Establishing a link between the posthuman and other theoretical frameworks that have sought to unsettle essentialist conceptions of the subject, such as feminism or postcolonialism, Lucian Gomoll proposes the term ‘Posthuman Performance’ to refer to performative interventions that explore relationships and social transformation outside the parameters of liberal humanism, but without ignoring or doing away with the live body (Gomoll, 2011).
An example of this posthuman tendency in performance art can be found in the ‘ethno-cyborgs’ or living ‘multicultural Frankensteins’ that featured in a series of interactive performance-installations created by Guillermo Gómez-Peña and La Pocha Nostra in the late 1990s. In works like the ‘Mexterminator Project’ (a clear reference to the superhuman, robotic assassins of the Schwarzenegger movies), this loose network of Chican@/Latin@ performance artists investigated issues of race and multiculturalism, gender and language, colonialism, as well as borders and geo-politics in contemporary society by adopting ‘robo-baroque’ aesthetics, incorporating digital technologies, and promoting interactivity between the performer and live audience. ‘Mad Mex’, ‘Stelarc of Tijuana’, and ‘Ciber Vato’, are a few of the hybrid specimens ‘armed with mysterious shamanic artefacts and sci-fi automatic weapons’, whose bodies were ‘enhanced with prosthetic implants’, decorated with Aztec tattoos and clothed with ‘high Tex-Mex/gangster-rap regalia’ (Gómez-Peña, 2000). The audience’s interaction with these complex personae, which were directly inspired by the responses provided by thousands of anonymous internet users when asked to share their ideas about Latinos and indigenous people, reflected ‘their own psychological and cultural monsters’ (Gómez-Peña, 2000). On the one hand, these ‘ethno-techno’ experimental performances called into question traditional notions of the human in Western culture and decentered ‘white human exceptionalism and determinism by emphasizing relationality in terms of technology, the carnivalesque, animality, body modification, and madness.’ (Gomoll, 2011) On the other, being modelled by people’s own preconceptions of otherness, it could be argued that these characters also embodied society’s own post-colonial demons and racial prejudices. Following Braidotti, they engendered ‘its own forms of inhumanity’ (Braidotti, 2013).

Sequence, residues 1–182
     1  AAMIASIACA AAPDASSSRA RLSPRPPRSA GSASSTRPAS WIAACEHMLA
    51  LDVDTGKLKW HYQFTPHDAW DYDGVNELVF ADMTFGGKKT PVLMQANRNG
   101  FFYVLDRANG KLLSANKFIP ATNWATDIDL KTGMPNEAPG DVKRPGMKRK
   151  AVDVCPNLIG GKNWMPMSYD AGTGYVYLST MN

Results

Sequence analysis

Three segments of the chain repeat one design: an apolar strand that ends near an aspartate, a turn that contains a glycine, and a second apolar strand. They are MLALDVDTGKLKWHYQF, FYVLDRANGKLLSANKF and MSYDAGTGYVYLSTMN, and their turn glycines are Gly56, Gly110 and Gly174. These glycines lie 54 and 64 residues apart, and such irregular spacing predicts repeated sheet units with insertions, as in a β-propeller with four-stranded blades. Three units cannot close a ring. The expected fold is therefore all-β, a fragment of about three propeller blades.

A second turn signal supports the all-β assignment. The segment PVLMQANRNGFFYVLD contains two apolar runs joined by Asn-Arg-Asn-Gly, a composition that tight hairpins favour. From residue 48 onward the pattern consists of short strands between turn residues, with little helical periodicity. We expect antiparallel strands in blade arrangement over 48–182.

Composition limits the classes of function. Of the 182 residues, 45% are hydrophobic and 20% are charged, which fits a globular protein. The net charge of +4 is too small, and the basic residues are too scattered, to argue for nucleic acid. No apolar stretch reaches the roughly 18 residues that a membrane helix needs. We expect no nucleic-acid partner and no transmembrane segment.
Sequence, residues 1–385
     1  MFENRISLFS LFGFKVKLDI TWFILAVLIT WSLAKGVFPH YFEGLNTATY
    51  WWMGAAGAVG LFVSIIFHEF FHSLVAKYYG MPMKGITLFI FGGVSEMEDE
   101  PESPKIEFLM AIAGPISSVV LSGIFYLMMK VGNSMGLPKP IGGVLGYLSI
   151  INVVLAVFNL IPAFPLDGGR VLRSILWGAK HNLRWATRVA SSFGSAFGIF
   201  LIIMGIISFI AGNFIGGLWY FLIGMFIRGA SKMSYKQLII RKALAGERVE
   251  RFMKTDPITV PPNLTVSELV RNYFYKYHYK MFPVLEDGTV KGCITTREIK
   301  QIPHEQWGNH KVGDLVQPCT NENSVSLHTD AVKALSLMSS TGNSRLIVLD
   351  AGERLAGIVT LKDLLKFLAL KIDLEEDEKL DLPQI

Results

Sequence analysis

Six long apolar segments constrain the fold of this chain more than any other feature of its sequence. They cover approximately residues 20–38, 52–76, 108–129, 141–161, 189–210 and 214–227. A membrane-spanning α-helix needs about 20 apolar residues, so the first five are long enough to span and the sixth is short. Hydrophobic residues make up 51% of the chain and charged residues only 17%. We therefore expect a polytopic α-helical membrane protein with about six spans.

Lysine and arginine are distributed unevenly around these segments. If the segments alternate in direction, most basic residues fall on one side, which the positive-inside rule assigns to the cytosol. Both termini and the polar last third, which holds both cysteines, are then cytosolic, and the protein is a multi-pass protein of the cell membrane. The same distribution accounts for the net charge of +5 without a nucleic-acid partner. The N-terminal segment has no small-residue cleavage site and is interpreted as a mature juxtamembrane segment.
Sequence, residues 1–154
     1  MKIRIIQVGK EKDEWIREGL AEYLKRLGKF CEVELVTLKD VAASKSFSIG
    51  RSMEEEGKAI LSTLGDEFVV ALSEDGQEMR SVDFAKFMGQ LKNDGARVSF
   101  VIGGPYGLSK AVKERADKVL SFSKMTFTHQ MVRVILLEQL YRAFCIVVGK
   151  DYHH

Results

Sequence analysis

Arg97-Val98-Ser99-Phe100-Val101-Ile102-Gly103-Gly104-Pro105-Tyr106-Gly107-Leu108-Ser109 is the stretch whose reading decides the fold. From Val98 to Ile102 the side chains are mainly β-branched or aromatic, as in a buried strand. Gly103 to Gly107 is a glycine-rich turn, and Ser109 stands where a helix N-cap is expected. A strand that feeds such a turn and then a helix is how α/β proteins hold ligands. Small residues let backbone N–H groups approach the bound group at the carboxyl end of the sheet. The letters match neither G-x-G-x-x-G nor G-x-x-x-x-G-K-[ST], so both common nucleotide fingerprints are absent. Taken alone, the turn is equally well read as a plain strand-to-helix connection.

In the light of the current restrictive immigration policies and increasing manifestations of xenophobia, neo-fascism, and the rise of ultra-conservative governments around the world, the potential for a radical politics and pedagogy proposed by the posthuman figure of the ‘ethno-cyborg’ might be worth revisiting.
Lucian Gomoll, ‘Posthuman Performance’, Total Art Journal, Vol. 1, No. 1, summer 2011.
Guillermo Gómez-Peña, Dangerous Border Crossers, London & New York: Routledge, 2000.
Rosi Braidotti, The Posthuman, Cabridge: Polity Press, 2013.